Smart phones and applications like blackberry spy apps have increased in popularity over the past few years. Many people do not realize the sophistication these apps have to help them solve the problem of suspicious behavior among family members. Less than honest children are easily confronted when faced with the data these apps collect.
Spyware works to collect data from blackberry devices. It can deliver anything from contacts and text messages to phone usage and GPS data. Sophisticated systems can even access the microphone in the device to bug the room, per se.
Immediately after purchase, the spyware app can be installed on the device from nearly anywhere. The only requirement is that the device be connected to the internet. This also assumes the individual who is interested in performing the monitoring activities can access the target blackberry for a short period of time. Less than 10 minutes is typically more than sufficient.
Will the Blackberry Spy App Work?
The only way a blackberry user can prevent spy apps from collecting data is by restricting the default permissions on the device. If this change occurs, the operating system will ask the user to grant permission before the spy app can access items like contact lists and emails. .
At the granular level, an individual can configure basic functions to three permission levels: allow, deny or prompt. There are approximately 20 categories these permissions can be applied to, including user data, connections and interactions. Most people do not realize these options are available, so this is not a concern for the majority of spyware users.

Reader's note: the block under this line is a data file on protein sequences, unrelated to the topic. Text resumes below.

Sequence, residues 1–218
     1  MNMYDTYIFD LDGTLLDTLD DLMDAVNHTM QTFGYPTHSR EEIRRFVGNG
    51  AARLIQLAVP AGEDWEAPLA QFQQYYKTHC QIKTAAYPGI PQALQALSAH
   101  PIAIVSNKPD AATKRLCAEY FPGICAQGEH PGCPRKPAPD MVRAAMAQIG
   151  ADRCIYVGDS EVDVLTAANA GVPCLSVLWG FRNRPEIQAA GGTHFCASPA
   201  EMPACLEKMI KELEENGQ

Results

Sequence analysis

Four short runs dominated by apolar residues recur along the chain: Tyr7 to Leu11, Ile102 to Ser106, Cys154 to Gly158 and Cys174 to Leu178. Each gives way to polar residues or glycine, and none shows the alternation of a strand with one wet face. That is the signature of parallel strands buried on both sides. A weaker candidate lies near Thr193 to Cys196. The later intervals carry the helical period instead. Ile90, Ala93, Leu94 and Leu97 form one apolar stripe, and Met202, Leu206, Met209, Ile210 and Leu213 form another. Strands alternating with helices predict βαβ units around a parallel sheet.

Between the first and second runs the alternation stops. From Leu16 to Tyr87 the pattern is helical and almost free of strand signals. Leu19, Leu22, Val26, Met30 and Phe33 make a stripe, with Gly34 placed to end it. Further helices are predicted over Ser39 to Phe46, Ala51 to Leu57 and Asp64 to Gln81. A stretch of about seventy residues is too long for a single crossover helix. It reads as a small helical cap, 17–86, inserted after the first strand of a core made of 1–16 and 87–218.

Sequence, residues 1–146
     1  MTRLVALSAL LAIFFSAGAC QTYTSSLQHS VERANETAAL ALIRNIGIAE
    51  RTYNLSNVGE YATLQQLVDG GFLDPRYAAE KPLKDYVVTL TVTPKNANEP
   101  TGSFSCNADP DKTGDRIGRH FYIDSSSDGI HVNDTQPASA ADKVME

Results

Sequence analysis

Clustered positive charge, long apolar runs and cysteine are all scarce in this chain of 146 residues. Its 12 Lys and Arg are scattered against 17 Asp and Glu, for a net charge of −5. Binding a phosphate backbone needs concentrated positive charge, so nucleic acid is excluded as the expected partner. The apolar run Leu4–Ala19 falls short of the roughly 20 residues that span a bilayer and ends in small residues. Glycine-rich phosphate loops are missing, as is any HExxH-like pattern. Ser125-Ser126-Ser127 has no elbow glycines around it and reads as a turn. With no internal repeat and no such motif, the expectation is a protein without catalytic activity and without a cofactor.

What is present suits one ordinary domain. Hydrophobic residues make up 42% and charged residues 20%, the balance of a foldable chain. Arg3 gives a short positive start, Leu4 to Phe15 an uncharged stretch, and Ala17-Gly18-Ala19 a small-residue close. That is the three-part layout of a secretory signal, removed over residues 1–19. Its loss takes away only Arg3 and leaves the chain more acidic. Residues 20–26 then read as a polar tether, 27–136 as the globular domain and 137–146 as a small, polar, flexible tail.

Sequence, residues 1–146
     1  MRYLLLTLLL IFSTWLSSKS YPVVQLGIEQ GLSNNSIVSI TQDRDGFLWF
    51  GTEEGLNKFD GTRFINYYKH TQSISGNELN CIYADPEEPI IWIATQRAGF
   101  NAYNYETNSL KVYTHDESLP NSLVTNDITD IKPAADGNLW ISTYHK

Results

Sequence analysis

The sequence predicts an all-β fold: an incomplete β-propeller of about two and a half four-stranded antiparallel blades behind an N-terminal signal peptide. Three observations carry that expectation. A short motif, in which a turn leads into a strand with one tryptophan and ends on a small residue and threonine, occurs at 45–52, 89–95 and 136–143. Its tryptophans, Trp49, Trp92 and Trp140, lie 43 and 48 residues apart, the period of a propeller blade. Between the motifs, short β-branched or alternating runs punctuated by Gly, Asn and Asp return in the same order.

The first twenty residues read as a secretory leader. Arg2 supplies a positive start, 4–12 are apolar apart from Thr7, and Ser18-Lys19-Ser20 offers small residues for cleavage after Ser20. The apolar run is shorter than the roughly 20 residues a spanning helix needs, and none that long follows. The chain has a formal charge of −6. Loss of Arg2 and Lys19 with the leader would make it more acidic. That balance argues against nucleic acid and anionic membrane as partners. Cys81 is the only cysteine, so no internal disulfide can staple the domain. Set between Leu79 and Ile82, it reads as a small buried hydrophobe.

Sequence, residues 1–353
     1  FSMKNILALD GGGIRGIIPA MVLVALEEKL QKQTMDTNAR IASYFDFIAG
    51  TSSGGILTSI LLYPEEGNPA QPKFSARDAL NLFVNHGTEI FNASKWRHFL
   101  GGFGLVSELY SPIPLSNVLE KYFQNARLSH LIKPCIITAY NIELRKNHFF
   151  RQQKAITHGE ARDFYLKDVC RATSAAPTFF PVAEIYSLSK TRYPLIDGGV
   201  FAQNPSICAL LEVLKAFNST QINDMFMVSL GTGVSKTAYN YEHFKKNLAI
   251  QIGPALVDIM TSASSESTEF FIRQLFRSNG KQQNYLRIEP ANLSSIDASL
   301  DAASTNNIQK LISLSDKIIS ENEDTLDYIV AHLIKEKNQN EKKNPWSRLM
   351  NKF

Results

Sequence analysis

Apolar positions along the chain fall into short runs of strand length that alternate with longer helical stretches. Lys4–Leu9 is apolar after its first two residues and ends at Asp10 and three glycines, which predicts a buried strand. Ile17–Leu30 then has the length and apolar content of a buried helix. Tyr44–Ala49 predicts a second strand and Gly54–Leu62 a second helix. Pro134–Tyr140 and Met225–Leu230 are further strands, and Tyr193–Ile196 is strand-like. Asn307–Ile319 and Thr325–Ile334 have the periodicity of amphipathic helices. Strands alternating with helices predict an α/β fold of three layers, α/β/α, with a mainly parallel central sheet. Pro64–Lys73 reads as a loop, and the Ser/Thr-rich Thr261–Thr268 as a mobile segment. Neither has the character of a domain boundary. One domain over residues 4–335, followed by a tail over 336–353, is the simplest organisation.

What About Permissions?
Default permissions allow applications written by third parties to access anything from files to messages to contact lists. This is the case in the 5.0 and 4.x operating systems which are found on my blackberry devices. It is a misconception that the device will prompt a user before an app accesses data found on the phone.
Once and app receives a trusted (allow) status, the device rarely prompts them again. Users typically grant all applications this status upon initial setup of the phone. The phone prompts the user if they tool they are trying to access is a trusted application, to which nearly everyone responds in the affirmative.
From there, the app never again has to prompt the user to access location data, text messages, contact lists and the like. It is uncommon for individuals not to grant trusted access as it is highly inconvenient to work through a series of “do you allow” prompts every time the app sets out to perform a function.
Blackberry devices are just one type of mobile operating system that can use spyware. Similar platforms are available for nearly ever manufacturer and across wireless carriers. As individuals become increasingly dependent on their mobile devices – including tablets and other smart products – spyware will likely grow even more sophisticate. For now, Blackberry spy apps are great for checking up on just what your loved ones are doing in the digital world.